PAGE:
An aerial photograph, taken from a plane flying slowly overhead, captures the visible radiation that reflects off the earth's surface. It allows us to detect objects and shapes on the earth's surface, like trees, buildings, lakes, and even hills. Aerial photographs are easier to interpret because the information contained in them is the same as what we would see from the plane. A satellite image, on the other hand, contains information about types of radiation that we cannot actually see.
ABOVE: A remote-sensing satellite gathers reflected light from many surface objects, each reflecting a different combination of wavelengths that may be used to identify the object.
What's the Difference?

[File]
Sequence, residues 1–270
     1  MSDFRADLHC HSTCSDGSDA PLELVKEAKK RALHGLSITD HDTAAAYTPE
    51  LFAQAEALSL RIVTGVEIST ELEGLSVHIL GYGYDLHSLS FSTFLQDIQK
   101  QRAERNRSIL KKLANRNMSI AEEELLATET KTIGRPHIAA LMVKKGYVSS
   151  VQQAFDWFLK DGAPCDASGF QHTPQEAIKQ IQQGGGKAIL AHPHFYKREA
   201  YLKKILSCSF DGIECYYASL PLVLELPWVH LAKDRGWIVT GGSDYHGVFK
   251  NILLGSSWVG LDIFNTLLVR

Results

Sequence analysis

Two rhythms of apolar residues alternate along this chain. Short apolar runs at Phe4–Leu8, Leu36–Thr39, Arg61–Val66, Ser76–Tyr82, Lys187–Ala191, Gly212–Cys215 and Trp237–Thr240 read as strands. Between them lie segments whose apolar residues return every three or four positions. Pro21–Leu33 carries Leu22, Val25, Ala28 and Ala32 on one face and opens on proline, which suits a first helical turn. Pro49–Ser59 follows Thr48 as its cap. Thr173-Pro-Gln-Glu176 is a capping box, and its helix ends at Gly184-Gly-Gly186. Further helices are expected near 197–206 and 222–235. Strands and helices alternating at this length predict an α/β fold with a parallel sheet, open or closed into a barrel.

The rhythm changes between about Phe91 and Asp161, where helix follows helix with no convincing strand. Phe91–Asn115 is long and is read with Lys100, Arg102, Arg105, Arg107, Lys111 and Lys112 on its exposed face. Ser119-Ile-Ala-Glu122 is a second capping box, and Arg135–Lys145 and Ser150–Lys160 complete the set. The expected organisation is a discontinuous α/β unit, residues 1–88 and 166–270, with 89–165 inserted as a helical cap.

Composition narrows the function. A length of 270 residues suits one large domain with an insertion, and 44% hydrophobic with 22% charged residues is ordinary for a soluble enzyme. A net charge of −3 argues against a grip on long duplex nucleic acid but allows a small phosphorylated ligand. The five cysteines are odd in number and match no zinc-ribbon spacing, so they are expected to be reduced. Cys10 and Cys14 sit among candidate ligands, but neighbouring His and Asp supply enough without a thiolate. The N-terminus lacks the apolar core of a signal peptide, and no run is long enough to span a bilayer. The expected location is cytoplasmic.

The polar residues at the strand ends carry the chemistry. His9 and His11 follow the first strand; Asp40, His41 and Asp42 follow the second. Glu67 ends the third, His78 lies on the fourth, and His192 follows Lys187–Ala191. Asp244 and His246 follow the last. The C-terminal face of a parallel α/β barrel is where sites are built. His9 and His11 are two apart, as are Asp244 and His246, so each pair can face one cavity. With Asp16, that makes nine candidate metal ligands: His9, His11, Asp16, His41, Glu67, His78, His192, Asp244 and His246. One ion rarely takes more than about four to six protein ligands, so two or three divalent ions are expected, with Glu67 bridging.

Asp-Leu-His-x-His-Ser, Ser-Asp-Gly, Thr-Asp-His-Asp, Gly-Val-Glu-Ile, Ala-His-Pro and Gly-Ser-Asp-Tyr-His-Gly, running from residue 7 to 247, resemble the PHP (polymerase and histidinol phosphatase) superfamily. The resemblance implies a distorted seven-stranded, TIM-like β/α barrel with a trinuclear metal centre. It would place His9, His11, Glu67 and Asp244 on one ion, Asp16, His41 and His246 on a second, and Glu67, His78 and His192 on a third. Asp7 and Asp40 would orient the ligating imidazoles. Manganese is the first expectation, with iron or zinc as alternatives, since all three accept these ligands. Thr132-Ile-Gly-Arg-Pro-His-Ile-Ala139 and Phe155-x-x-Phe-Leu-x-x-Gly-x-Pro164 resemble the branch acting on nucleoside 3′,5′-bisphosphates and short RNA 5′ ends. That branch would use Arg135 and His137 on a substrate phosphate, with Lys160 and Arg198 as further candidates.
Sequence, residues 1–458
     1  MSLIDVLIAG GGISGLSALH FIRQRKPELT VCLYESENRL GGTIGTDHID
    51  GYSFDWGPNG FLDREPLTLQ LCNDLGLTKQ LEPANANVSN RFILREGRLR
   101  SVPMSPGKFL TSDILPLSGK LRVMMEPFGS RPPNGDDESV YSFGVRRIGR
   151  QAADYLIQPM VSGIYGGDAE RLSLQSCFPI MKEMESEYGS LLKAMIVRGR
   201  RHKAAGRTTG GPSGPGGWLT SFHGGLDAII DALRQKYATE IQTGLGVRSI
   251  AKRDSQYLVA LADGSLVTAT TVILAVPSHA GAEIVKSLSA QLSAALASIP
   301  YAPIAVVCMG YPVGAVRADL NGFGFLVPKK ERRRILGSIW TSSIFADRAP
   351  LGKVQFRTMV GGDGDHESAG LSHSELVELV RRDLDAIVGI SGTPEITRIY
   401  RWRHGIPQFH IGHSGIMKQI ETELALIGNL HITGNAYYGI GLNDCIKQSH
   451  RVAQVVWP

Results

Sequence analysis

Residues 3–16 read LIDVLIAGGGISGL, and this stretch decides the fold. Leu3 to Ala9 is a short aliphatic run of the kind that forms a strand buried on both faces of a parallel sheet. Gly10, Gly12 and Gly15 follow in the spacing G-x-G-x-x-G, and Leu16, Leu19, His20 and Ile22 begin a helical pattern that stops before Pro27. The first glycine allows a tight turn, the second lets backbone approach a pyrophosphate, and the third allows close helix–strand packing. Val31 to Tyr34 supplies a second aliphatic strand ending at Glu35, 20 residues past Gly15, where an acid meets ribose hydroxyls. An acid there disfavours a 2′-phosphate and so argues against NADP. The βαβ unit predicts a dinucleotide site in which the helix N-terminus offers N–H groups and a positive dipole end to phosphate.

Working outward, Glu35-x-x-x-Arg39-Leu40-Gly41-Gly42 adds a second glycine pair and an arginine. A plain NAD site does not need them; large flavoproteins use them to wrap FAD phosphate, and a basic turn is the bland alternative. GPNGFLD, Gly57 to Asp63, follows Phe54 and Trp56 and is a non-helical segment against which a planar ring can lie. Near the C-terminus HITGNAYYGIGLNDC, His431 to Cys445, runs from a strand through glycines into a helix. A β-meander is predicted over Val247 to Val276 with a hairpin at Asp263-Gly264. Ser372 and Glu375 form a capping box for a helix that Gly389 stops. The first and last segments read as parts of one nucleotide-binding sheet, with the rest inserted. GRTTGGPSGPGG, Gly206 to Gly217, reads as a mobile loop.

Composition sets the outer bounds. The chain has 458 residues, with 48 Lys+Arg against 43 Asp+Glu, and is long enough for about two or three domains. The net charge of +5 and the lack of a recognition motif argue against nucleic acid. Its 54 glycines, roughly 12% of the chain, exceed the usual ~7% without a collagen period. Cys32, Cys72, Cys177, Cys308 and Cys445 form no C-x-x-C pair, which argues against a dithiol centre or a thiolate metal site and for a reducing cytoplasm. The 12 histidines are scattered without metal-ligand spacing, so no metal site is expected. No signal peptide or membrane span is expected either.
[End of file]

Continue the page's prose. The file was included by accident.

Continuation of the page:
Why is the ability to "see" this other radiation important? Every object on the surface of the earth reacts differently to various types of radiation, absorbing some frequencies and reflecting others. Our eyes and nervous system are very good at detecting those frequencies that reflect back at us, and depending on the combination, we see this light as red, blue, yellow and so on. Some objects that absorb the exact same combinations of visible radiation absorb different amounts of infrared radiation, allowing us to tell the difference between the objects. Having a record of just the visible radiation, as in an aerial photograph, would not allow us to distinguish between these objects. Equally important, some types of radiation, like visible light, are dispersed or blocked by clouds in the atmosphere. On a particularly cloudy day, all or most of the visible light reflected from the surface of the earth would not be detectable - instead all one would see are clouds and more clouds. It is especially difficult to obtain remote imagery during the rainy season when clouds may cover the landscape for much of the time. Using the additional non-visible radiation, combined with frequent attempts to obtain images helps us get around the cloud problem to some extent, but even with the best technology, we usually get a few clouds in any image.